Your combination of practical and academic skills makes you the ideal candidate for a wide range of jobs in youth and community work
Jobs directly related to your degree include:
Jobs where your degree would be useful include:
Remember that many employers accept applications from graduates with any degree subject, so don't restrict your thinking to the jobs listed here. To find out what jobs would suit you, log in to My Prospects.
Work experience, whether paid or voluntary, will increase your skills and make you more attractive to employers. It is particularly important if you want to work in an advisory or social care role, or if you are considering teaching. Try to get involved in your local community and build up some experience. When looking for opportunities, highlight any sport, language or performing arts skills you have.
Take advantage of work placements offered on degree courses, both in the UK and abroad, to build up your skills and knowledge. Placements may take place in youth or community centres, schools and colleges and can include work with groups such as young offenders.
Contact your local youth service (local authority in Scotland) or voluntary bodies to arrange voluntary or part-time sessional work. Valuable experience can also be gained by working or volunteering at summer play schemes, youth clubs, summer camps or through tutoring or mentoring.
For classroom experience, contact local schools to arrange visits to observe teachers or help with non-teaching duties.
Search for placements and find out more about work experience and internships.
Employers of graduates in youth and community work include local authority youth services, education departments, voluntary organisations, churches and other community-based groups.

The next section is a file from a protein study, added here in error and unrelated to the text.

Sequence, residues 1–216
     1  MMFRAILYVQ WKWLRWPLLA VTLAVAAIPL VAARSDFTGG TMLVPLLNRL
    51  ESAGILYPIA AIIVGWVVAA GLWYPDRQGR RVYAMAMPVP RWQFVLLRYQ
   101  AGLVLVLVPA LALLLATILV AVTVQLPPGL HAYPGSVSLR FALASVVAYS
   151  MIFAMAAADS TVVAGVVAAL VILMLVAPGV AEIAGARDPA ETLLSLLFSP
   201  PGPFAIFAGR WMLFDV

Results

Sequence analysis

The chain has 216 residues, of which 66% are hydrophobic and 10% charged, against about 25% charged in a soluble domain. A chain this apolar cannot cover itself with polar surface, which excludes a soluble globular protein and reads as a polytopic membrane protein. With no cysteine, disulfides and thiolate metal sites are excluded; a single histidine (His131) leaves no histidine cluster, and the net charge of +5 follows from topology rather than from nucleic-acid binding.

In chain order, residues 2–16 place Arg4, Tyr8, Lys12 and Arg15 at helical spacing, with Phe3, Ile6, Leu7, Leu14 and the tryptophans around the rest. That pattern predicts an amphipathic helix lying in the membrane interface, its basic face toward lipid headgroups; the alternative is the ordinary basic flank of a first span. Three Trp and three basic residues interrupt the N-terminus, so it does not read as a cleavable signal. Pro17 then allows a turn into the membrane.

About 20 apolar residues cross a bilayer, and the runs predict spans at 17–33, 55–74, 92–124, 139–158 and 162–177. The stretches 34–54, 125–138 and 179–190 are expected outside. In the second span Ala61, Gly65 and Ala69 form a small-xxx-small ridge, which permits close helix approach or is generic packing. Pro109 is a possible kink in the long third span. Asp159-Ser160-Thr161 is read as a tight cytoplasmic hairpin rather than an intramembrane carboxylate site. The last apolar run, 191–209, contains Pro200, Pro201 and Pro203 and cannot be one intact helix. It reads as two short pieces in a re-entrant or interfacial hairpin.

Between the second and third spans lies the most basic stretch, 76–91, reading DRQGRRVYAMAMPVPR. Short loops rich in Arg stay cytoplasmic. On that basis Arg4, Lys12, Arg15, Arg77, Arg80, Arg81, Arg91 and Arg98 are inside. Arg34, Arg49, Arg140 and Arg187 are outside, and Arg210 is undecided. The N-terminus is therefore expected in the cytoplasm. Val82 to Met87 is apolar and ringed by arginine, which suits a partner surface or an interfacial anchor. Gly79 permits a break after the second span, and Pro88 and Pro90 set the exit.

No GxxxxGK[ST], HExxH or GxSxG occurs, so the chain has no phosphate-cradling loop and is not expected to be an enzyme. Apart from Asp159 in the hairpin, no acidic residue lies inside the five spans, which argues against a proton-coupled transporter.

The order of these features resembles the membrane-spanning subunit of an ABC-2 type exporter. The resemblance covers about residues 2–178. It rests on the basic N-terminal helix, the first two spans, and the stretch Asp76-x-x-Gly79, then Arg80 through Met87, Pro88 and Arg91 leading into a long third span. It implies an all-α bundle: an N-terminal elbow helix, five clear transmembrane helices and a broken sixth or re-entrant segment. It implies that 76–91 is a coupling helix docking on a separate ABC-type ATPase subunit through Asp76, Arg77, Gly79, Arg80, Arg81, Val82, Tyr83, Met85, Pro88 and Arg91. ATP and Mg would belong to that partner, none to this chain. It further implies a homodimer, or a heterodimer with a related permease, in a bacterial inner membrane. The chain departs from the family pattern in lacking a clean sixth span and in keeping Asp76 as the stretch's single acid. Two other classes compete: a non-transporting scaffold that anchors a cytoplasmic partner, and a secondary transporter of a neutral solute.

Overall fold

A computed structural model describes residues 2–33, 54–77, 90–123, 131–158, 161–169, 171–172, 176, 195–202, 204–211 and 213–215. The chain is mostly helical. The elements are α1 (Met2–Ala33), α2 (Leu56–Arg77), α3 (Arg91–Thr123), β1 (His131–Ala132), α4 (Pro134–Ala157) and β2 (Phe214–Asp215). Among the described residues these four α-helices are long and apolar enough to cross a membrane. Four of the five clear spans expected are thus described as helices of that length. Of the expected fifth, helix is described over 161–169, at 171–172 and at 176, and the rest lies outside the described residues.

Many jobs are project based, such as anti-poverty initiatives, education, homelessness, drugs projects, sexual health initiatives, advisory work, community arts, and community regeneration projects.
Many courses combine practical and theoretical skills where your knowledge is tested in real youth and community situations. A youth and community work degree develops transferable skills that you can apply in a range of positions and sectors, such as:
Some new graduates choose to move on to postgraduate study in a subject from their degree that they would like to develop further, for example a research-based Masters degree or a PhD in education or community/youth studies. MA courses for qualified youth and community workers are also available.
Other graduates choose to take a vocational course that is relevant to the area in which they want to work, for example the Postgraduate Certificate in Education (PGCE), or Professional Graduate Diploma in Education (PGDE) in Scotland, which qualify you to work as a teacher.
If your undergraduate degree was not validated by the National Youth Agency (NYA) and you want to work as a qualified youth worker in England, you could take a recognised postgraduate qualification.
Almost half (46.1%) of recent graduates working in the UK are youth and community workers. Other popular professions include child and early years officers, social workers and housing officers.
Just over 12% of graduates go on to further study, often combining further study with work in order to gain experience on the job.
|Working and studying||6.6%|
|Legal, social and welfare||59.1%|
|Caring and education work||10.5%|
|Retail, catering and bar work||6.6%|
|Secretarial and numberical clerks||4.6%|
Find out what other graduates are doing six months after finishing their degrees in What Do Graduates Do?
Graduate destinations data from the Higher Education Statistics Agency.
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